Monday, March 12, 2007

Ending Quarterly Earnings Guidance?

According to a report today in the FT by Jeremy Grant ("US reform sought to aid capital markets"), the US Chamber of Commerce will call today for an end to quarterly earnings guidance from companies.

This is eminently sensible on classical grounds as well as more modern ones.

The classical grounds are there is no logic to "quarterly" guidance since a "quarter of a year" relates to no natural period of time. "Annual guidance" makes sense because it does relate to a significant natural division of time.

So why not "monthly guidance? Or "daily guidance"? Well, anything less than annual guidance encourages short-termism in a marketplace that is already short-term enough.

The modern grounds are that most traders already have enough information, even on a moment-by-moment basis to adjust their investment behaviour (rightly or wrongly), so quarterly guidance merely adds effort and expense for hard-worked Chief Executives and Investment Relations teams, and produces little or no benefit for companies in terms of Return on the Investment made. In other words, if all companies were prohibited from producing anything other than annual guidance, then money, time and effor could be put into more productive activities instead.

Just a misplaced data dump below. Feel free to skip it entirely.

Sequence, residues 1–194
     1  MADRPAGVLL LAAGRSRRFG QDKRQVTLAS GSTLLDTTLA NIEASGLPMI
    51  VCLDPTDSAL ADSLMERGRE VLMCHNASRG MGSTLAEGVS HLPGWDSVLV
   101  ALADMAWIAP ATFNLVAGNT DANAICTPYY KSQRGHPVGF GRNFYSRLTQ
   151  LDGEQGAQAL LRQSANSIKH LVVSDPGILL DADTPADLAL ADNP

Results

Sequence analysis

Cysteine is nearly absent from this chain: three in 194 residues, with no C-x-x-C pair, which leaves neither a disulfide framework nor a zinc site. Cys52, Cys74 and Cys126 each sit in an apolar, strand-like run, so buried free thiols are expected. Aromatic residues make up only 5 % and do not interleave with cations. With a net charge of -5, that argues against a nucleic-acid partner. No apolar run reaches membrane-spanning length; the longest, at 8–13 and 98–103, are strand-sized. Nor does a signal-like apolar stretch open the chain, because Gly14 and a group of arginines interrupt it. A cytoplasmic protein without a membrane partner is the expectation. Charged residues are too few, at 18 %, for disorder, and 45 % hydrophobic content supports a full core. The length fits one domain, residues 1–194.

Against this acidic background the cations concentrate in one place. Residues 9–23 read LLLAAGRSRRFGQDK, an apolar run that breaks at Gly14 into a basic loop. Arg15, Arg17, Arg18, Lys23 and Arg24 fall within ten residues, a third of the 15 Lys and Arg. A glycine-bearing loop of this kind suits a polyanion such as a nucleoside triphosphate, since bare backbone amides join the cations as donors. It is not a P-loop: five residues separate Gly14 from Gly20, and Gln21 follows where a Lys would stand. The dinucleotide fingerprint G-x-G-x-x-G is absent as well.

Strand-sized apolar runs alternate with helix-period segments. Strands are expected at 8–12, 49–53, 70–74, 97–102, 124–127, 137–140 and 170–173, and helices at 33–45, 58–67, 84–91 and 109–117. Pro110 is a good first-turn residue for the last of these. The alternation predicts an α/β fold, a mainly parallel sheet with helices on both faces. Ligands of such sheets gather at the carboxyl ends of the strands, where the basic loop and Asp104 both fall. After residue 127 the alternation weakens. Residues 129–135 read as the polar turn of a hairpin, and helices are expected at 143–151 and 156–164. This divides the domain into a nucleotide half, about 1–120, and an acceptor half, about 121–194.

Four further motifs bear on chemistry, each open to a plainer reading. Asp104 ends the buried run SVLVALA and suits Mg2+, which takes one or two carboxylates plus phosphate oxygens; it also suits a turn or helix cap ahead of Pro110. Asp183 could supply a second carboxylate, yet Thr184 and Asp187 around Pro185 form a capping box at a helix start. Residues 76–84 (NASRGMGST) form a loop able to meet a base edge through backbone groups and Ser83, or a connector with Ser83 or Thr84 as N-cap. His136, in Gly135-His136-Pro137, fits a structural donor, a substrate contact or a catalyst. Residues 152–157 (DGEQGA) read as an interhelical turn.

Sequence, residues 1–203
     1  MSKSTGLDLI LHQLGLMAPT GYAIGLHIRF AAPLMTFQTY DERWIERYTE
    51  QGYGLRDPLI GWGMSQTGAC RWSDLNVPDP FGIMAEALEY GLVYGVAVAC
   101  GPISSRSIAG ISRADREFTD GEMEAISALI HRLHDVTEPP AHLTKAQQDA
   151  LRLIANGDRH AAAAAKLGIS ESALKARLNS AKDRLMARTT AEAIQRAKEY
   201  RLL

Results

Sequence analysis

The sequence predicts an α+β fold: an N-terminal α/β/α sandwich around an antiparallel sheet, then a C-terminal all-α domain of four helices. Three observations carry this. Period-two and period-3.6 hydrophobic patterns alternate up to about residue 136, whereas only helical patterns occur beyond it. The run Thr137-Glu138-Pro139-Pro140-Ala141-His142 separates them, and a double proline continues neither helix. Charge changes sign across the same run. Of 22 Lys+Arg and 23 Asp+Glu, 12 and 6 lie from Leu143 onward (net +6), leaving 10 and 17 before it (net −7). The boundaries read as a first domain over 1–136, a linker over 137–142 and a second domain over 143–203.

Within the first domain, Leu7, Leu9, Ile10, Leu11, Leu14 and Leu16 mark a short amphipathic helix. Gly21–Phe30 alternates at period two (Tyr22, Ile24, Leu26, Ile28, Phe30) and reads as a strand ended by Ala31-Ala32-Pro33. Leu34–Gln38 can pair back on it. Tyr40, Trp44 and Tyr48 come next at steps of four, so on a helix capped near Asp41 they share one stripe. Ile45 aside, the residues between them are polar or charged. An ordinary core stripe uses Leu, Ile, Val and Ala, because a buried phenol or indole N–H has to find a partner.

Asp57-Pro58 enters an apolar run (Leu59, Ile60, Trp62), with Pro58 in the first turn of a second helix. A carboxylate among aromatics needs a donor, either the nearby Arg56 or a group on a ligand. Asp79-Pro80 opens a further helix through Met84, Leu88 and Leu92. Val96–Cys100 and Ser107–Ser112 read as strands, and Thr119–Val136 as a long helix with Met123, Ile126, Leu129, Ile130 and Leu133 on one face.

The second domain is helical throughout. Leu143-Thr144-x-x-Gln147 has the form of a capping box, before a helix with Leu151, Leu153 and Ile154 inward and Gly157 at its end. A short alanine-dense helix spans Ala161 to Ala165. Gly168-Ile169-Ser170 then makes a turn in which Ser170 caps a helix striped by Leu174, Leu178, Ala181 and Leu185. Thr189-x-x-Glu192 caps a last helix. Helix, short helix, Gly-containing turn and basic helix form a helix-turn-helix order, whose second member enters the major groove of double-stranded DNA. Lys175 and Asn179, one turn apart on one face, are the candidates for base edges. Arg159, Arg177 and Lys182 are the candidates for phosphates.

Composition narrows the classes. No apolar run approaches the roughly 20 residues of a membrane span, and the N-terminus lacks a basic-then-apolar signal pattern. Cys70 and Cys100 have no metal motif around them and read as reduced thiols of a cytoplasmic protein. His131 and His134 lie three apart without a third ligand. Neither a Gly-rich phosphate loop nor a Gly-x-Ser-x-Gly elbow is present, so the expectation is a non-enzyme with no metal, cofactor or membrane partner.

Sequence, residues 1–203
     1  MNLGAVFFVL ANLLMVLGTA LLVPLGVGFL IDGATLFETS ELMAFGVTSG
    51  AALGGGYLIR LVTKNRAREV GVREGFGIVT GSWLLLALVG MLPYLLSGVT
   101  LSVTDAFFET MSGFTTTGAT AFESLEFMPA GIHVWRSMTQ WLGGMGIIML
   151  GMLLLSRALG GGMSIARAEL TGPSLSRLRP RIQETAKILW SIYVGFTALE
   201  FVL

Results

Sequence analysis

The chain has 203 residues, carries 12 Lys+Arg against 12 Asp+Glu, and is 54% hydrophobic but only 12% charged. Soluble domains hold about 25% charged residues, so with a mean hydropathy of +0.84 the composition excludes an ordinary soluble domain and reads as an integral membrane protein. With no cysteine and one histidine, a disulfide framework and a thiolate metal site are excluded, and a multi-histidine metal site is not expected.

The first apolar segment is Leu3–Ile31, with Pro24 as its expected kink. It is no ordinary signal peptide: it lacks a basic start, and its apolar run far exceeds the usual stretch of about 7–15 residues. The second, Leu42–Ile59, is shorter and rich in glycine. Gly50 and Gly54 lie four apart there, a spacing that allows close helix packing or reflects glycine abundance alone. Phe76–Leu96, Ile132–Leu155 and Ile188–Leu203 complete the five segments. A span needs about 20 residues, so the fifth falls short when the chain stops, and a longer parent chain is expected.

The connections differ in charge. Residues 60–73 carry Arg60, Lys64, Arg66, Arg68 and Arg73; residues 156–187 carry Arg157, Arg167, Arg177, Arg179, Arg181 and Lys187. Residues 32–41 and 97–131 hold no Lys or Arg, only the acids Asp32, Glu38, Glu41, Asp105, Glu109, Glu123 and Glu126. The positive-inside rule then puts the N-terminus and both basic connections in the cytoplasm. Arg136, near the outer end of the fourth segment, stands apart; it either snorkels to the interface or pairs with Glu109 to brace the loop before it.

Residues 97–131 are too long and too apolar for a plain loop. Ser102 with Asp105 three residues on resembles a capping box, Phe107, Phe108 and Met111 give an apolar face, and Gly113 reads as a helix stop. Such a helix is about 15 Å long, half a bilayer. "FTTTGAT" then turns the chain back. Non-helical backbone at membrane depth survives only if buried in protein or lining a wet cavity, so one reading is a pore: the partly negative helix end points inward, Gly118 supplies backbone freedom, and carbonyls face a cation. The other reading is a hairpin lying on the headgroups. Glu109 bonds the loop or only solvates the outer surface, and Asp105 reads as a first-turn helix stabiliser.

What has taken the US Chamber of Commerce so long to wake up to these elementary matters?
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